I’m sure you’ve heard this before – I’m definitely not an original thought here – but I really do believe that the riches are in the niches. That’s a very corny marketing quote, but really true because the more that you understand who your client is and how you can help them, the more you’re going to be able to specifically tailor the offer to their needs and their preferences. 

For instance, when we had our marketing agency and we were helping people run Facebook ads and get leads and get booked out, we were doing it for anyone. Our offer worked for lawyers, jewelers, and for photographers. We were running them for all of them, and they were all getting awesome results. Then when we were planning our own wedding we actually bartered our wedding photography. We spent around $300 on Facebook ads and we got our wedding photographer a $3,500 client from those $300 in ad spend. 

We had this aha moment, of “Wow. Okay. This same strategy works for lawyers. Works for photographers. Works for jewelers. But we really love serving the wedding industry.” We loved working with other solopreneurs or, husband-and-wife teams. They had a lot of the same values as us in terms of lifestyle and why they’re in their business and started it from a passion. 

So all that to say, we narrowed down our Facebook ad courses and coaching to specifically talk to people in the wedding industry. And our revenue the next year doubled. We sold twice as many courses and coaching programs than we had the year before. While there are other factors that go into it, I really think a huge part of it is that by specifically focusing on the wedding industry and how we were talking about our offer, the pain points we were talking about it, wasn’t just a generic “Hey, you want to get more clients?”.  It was,” Hey, you want to book more brides?” 

We could talk specifically to wedding industry terms, so they knew that not only could we solve their issue, we could solve their issue for them. It helped them to really understand our solution in a way that fit their need really specifically. 

It’s really, really, really important to figure out this first part. If you’re going to go and create a course or a membership or whatever it may be, you want to make sure that it’s the right fit in terms of the offer in the audience. 

Poll the Audience

One thing I’d recommend for you to do, especially if this is your first time ever creating an online or digital product is to interview your audience. Whether that’s polling people on Instagram or even better would be to interview some of your previous clients. 

Ask them what they need, what their problems are, and ask them to write it down in their words. If people have left you reviews, go back and grab their words. More likely than not when we try to talk about our own services and offers we know what they need. On the other hand, they don’t think about it or search for it in those same terms 

We might say, “Hey, run Facebook ads to get a new inquiry” whereas their verbiage might be “I want to get booked out with brides”. It seems really simple, but interviewing your clients will not only help you to figure out what pain points or problems they have that you can provide the best solution for, but it’ll really help you with that copywriting later in terms of your sales page and your emails. You’ll be speaking their words right back to them.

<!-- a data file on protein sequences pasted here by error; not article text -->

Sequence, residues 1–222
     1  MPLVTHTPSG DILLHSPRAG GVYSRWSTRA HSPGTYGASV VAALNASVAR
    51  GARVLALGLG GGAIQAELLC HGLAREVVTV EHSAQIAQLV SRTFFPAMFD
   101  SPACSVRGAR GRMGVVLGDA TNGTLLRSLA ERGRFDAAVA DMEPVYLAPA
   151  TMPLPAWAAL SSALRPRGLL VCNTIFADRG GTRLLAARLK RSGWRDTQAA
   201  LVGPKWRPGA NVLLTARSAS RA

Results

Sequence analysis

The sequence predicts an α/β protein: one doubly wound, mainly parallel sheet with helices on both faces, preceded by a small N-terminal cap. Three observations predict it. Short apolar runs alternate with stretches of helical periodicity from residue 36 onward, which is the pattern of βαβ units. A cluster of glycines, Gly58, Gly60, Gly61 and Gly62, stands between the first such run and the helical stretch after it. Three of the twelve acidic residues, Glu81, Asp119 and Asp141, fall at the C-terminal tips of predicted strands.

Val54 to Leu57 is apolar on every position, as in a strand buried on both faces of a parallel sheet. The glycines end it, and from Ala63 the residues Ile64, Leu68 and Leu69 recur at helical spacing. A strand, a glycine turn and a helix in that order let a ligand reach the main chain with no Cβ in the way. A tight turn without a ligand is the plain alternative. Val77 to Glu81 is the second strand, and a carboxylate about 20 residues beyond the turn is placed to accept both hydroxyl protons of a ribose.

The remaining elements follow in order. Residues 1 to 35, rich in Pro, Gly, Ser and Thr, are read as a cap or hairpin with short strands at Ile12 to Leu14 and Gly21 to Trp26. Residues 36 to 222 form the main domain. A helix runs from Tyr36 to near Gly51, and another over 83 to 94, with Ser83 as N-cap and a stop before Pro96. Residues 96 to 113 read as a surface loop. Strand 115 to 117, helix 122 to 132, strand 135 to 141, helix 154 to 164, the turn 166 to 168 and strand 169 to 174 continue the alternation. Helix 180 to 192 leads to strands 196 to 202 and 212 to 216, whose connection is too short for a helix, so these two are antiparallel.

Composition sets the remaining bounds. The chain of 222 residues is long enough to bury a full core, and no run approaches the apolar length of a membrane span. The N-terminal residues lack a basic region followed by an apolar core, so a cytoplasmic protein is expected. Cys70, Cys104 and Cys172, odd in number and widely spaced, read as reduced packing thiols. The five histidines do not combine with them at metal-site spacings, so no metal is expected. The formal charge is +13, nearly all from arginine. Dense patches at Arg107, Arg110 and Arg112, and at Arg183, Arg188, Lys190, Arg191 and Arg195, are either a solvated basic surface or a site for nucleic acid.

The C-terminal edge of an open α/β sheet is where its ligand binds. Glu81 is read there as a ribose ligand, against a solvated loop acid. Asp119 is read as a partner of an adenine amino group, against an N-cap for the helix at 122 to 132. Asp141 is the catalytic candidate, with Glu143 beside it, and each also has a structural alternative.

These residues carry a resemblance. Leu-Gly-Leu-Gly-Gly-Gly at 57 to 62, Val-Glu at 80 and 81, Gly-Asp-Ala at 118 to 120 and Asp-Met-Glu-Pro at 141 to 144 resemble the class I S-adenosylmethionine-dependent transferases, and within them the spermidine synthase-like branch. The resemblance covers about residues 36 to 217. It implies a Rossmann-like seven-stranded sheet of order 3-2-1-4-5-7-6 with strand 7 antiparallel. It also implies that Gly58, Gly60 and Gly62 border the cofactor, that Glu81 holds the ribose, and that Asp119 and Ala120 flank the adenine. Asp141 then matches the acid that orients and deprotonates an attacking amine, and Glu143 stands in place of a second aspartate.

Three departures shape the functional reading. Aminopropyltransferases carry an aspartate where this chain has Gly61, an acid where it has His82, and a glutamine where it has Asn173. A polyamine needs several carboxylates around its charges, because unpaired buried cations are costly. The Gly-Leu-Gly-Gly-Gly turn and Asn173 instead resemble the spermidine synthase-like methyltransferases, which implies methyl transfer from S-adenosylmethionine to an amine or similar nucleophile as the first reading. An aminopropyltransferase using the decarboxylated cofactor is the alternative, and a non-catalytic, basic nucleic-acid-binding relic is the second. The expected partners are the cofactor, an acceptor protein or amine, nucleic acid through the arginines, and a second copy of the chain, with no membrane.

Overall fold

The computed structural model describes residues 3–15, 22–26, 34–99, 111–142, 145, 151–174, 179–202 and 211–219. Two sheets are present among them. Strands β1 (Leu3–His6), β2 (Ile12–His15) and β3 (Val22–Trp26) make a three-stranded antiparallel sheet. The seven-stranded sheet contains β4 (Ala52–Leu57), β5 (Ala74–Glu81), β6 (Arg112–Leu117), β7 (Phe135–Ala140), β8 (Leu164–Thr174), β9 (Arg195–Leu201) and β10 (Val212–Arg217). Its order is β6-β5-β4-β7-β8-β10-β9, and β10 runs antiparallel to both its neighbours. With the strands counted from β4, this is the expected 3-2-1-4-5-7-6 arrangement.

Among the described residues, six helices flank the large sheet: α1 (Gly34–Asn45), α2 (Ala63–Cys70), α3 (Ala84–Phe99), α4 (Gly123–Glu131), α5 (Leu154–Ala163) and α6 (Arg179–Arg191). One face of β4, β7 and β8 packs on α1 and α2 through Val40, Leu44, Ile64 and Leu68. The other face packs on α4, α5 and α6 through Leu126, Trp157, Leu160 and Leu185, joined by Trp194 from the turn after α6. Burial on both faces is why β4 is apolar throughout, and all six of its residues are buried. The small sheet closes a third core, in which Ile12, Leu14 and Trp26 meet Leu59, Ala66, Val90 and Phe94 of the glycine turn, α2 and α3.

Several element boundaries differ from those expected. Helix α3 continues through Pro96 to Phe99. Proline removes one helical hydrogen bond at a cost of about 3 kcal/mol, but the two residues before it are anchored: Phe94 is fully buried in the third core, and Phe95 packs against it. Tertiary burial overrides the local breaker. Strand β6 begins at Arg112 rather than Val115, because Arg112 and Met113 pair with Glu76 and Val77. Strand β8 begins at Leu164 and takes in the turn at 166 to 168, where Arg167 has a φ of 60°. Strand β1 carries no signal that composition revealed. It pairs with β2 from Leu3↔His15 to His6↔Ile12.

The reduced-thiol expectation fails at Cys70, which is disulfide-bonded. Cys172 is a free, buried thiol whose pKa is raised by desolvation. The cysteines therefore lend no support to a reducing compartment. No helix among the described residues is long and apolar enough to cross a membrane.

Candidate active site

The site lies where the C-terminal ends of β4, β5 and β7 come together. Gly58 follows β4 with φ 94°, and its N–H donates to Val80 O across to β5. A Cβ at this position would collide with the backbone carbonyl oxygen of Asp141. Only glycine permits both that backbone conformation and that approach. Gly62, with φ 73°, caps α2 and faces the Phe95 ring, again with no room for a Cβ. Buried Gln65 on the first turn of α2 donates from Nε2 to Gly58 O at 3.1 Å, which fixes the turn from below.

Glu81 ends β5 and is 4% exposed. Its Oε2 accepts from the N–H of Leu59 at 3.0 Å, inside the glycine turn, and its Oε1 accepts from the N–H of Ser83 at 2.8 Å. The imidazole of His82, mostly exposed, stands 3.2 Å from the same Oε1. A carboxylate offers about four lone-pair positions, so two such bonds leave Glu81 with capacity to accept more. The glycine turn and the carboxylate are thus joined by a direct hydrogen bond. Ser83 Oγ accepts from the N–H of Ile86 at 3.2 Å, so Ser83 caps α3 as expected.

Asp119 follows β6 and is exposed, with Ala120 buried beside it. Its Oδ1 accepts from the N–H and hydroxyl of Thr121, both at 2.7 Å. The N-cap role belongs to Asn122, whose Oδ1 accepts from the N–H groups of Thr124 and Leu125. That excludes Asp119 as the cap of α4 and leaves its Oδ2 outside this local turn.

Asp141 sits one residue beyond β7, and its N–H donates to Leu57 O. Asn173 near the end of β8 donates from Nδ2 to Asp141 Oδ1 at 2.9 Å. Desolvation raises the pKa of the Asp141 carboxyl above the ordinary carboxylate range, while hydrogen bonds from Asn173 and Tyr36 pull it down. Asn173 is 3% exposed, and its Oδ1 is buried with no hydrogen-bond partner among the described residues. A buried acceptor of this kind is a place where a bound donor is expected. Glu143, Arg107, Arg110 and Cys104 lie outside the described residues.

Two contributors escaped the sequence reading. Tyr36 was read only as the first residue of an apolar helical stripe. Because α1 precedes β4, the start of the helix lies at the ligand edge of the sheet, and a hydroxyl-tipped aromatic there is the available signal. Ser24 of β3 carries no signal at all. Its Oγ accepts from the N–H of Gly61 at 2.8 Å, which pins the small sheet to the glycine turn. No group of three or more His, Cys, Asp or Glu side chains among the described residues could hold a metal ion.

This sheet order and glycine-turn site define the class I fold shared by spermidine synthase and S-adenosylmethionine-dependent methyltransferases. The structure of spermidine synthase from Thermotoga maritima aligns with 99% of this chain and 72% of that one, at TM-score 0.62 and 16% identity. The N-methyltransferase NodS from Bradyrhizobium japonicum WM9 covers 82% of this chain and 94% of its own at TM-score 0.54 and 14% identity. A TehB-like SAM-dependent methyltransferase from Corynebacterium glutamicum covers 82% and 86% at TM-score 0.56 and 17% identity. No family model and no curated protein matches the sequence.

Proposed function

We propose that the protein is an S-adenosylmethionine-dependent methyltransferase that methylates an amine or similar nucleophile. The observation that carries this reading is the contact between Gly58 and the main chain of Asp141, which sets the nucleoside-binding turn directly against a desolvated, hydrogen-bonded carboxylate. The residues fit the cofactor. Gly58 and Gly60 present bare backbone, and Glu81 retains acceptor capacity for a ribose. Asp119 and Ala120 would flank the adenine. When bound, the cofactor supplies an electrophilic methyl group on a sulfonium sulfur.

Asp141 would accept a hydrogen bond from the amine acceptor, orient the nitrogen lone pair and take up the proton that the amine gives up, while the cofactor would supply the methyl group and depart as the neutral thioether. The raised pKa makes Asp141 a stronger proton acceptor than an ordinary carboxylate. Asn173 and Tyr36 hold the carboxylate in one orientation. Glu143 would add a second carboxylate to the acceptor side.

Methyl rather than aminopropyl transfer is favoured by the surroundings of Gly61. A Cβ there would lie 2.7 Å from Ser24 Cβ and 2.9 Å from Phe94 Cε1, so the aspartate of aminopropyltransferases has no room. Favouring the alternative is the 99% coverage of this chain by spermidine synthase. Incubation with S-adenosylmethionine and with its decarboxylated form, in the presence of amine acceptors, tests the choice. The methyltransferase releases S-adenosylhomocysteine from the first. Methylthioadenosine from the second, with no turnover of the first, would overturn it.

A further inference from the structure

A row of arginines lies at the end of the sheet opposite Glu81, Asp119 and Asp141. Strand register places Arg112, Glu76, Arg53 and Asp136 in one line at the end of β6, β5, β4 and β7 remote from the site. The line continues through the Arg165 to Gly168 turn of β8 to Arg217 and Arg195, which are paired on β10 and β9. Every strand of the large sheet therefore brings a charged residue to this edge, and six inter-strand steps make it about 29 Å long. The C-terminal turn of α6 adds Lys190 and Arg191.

Think About The Transformation Your Digital Offer Will Provide

Once, you know what their problems are let’s think about your own expertise and how you can solve that problem. There are a lot of ways you can solve their problem, so I want you to ask this question:

 What kind of results or transformation do I want my audience to experience? 

The solution that you provide is going to vary. You might want a huge transformation in their life or in their business. Maybe it’s a smaller thing, like how to set up your first podcast.   

I’ve watched a ton of videos. There are courses on that. The transformation of starting a podcast start to finish is a lot of work, but it might not be as much work as hitting your first six figures.   The second offer, for example, that transformation might involve more help. It might be a larger course. It might be more of a membership because there’s more of a personal touch point there. So the reason I want you to think about the type of transformation or the scale of that, is so that you can figure out what the scale of your offer is going to look like.   

A tip here too, is to think about if you already have a one-on-one service that you can turn into a digital offer.  Either the whole program that you already have, or a small piece of it. For example,  the Facebook course that I told you about earlier that we had was a one-on-one coaching service. Over the course of the 12-week program we worked with people one-on-one through setting up their Facebook ad campaigns, their whole business manager. The ad campaigns, the copy, the targeting, the ads. The funnels, everything. 

We took that one-on-one service and we turned that into a DIY course. 

I have a friend, Joy Michelle  (See her episode here) who is an amazing photographer. She scaled her business and she teaches other photographers how to do it as well. She gets asked a lot of questions like how do you send invoices? How do you send proposals? All of these are little templates that she can then package and sell herself. 

My friend Laura helps people create their workflows in HoneyBook and she has a lot of great templates that could be a digital offer for her as well. If someone doesn’t want her team to do the entire implementation, she can package those up and sell them.